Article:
More than 60% of the population of Hong Kong currently lives in housing estates, some of them built by private developers and some by the government (public estates). Both the developers and government are very fond of this form of housing because estates offer the efficiency that is desirable for various reasons. For developers, estates generate higher profits, and for the government they are an inexpensive way of building as many homes as possible in its attempt to limit the constant shortage of housing units. So these housing estates seem a logical product in a society dominated by the market.
But one can point to other periods in the past when estates were strongly intertwined with another identity in Hong Kong. For after the Second World War the city was the setting for the biggest government-led public housing programme in the world, a huge undertaking that set in motion drastic social consequences almost unintentionally. During the era of Japanese domination and political instability just after the war, large groups of immigrants from China came to try their luck in the city. The population of Hong Kong increased fivefold between 1938 and 1980. As a consequence, slums mushroomed on the edge of the city and on the roofs of existing buildings. Moreover, dwellings were often subdivided into cubicles, leading to a rise in population density. A big fire in the Shek Kip Mei squatter town (1953) prompted a series of ad hoc housing measures whose effects are felt to this day in the city as we know it. In many respects, these early housing estates exerted a positive influence on social infrastructure, economic progress and local politics in Hong Kong.
By far the majority of Hong Kong’s inhabitants are the children or grandchildren of immigrants from China. These newcomers started out destitute at the bottom of the social ladder. Owing to the rapid economic growth of Hong Kong, however, many people were able to grow with the economy, and that expressed itself in the evolution of their housing situation. Refugees arrived and found a place for themselves in squats or cubicles. After a number of years, young families often managed to get hold of a home in a public housing estate. In the 1970s the government started a programme for subsidised owner-occupied homes so that people could invest their newly acquired capital and ultimately acquire an apartment in a private estate. In that way, many Hong Kong families worked their way up from illegal squat residents to proud homeowners within two generations.
Public estates also ensured greater political participation among citizens. As a result of two bouts of heavy rioting in the 1970s, workers received permission to have their say in Multiple Aid Committees (MAC). These political consultative bodies at local level would become the eyes and ears of the government in public estates that were the scene of so much conflict caused by housing issues. Representatives of workers who turned out not to be pro-government were initially kept away from the negotiating table, but this prompted further protests. All sorts of interest groups emerged to highlight not only housing problems but also the undemocratic nature of the political system. Traces of these turbulent times are still evident in the political arena today.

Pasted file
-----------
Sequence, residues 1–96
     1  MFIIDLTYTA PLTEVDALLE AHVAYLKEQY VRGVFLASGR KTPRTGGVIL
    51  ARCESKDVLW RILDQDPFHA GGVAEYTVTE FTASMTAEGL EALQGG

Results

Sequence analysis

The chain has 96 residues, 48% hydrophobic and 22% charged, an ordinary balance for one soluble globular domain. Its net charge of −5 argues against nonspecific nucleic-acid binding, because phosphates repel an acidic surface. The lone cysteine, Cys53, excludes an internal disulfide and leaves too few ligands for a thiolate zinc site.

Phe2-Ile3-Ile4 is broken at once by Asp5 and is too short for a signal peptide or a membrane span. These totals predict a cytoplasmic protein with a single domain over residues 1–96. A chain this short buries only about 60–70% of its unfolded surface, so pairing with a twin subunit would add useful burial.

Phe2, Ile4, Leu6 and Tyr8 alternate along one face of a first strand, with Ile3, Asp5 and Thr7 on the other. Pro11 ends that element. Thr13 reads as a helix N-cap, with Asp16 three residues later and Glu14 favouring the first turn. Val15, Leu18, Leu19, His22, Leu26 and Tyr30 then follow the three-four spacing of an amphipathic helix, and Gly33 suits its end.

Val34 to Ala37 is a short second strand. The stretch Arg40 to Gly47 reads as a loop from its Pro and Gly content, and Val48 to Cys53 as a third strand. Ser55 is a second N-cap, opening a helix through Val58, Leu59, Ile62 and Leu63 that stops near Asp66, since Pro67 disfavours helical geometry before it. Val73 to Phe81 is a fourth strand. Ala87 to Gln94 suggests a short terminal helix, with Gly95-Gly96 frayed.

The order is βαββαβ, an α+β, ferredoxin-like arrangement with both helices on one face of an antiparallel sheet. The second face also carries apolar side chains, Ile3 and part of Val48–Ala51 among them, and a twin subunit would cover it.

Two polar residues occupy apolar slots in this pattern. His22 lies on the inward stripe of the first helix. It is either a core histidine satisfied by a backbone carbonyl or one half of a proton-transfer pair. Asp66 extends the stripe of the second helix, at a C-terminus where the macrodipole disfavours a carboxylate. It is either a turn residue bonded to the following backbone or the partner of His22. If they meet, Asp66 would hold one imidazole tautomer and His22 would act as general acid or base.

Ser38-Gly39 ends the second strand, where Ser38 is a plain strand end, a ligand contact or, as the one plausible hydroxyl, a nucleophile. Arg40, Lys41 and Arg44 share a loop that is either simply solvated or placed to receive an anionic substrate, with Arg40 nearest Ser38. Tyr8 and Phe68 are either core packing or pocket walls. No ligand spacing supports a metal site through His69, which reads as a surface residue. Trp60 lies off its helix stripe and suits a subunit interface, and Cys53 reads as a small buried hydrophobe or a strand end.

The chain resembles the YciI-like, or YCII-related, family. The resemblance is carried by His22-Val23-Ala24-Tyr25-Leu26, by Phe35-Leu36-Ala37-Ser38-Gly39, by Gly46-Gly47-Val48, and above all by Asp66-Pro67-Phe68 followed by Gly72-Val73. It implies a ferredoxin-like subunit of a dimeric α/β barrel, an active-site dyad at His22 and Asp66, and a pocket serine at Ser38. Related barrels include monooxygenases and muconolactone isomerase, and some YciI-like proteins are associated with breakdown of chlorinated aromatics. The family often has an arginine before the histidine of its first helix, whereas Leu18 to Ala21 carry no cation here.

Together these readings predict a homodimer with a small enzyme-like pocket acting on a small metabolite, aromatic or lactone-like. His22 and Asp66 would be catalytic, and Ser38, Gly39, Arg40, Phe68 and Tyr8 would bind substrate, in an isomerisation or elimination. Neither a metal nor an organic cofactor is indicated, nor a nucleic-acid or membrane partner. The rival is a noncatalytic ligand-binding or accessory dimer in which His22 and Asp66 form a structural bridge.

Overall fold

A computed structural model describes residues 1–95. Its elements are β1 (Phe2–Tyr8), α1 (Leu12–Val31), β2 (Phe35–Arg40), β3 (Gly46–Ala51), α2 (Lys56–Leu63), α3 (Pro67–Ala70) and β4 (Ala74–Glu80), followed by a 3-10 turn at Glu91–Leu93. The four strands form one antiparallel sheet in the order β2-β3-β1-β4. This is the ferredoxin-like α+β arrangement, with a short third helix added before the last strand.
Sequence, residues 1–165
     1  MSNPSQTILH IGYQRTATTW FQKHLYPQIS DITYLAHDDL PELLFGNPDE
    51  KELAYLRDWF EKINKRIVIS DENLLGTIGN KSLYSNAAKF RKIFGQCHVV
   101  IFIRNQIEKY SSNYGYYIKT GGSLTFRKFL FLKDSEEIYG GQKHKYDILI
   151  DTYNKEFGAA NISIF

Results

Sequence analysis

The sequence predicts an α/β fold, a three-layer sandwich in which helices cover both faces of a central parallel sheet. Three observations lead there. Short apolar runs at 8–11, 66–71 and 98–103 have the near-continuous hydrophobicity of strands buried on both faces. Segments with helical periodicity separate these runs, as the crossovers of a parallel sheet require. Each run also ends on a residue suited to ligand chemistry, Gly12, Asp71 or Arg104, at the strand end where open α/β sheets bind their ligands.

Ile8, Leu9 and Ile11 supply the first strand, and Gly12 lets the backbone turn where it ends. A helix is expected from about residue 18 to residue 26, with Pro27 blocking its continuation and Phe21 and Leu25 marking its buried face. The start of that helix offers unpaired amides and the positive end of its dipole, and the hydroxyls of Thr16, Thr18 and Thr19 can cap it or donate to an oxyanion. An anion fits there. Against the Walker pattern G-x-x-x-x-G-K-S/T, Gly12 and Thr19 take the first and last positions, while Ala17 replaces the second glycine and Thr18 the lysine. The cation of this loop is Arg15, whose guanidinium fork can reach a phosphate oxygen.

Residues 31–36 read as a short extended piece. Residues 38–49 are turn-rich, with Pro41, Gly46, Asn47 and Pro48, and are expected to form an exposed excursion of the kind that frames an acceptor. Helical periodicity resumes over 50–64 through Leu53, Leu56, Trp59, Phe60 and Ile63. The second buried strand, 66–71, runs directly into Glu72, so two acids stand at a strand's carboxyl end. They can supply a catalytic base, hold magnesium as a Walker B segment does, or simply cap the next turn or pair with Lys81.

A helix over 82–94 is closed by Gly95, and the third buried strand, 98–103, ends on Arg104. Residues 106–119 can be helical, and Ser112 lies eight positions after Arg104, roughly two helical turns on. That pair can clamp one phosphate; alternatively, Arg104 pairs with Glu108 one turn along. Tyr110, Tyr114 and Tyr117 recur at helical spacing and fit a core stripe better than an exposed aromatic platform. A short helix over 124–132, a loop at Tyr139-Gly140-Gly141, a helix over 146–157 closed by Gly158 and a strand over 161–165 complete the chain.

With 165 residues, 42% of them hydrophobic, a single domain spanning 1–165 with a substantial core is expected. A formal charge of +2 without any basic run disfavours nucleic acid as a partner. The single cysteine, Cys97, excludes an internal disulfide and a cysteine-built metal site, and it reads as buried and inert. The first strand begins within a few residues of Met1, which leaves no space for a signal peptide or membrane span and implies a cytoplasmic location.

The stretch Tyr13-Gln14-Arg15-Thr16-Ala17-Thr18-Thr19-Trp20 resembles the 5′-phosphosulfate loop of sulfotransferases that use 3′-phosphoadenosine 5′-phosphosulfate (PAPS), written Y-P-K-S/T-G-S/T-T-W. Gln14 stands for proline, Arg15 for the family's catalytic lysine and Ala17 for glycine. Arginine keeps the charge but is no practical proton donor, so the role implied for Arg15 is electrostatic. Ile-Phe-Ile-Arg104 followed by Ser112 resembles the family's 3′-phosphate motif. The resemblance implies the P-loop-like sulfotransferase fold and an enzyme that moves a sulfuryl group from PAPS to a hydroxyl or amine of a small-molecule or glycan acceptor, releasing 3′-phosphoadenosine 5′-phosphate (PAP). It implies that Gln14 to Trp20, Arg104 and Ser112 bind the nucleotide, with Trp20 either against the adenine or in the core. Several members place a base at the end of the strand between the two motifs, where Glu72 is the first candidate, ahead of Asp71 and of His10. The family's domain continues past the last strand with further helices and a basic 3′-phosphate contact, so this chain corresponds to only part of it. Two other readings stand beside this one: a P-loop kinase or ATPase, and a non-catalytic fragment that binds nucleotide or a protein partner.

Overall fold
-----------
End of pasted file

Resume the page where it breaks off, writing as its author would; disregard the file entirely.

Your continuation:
You could call it ironic that what at first glance look like monotonous, boring housing estates were decisive in shaping the positive image that the world now has of Hong Kong as a prosperous and free city. The housing estates of the 1950s and 60s gave Hong Kong the self-made reputation that plays such a vital role in the collective memory of the city. A good illustration is the immensely popular Hong Kong soap opera Below the Lion’s Rock, which deals with the ‘ups and downs’ inside a public housing complex. The show cultivates a version of history that depicts frugal times when hard work and perseverance are rewarded in the end. In the exuberant celebration of largely fictitious upward mobility, the ‘unsuccessful’ underclass of today is automatically held responsible for its lack of success. Moreover, an address is a ruthless indicator. There is huge contrast between the real residents of the public housing estates and those who nostalgically glamorise ‘the good old days’, without ever having set foot in a public housing complex.
City of Sadness
An address in Hong Kong creates not only mental but also physical distance. Public housing estates are sometimes located so remotely and isolated that the allocation of a home there can almost feel like banishment, especially if there is no metro connection. A familiar example in Hong Kong is Tin Shui Wai, a far-away residential district that the media has dubbed the City of Sadness. During the first decade of the 21st century it was the setting for a lot of domestic violence, crime and suicide. One of the causes attributed is the dreary situation in which residents find themselves. There is scarcely any employment to be found close to this isolated development, and most residents have difficulty affording the high cost of transport to get anywhere.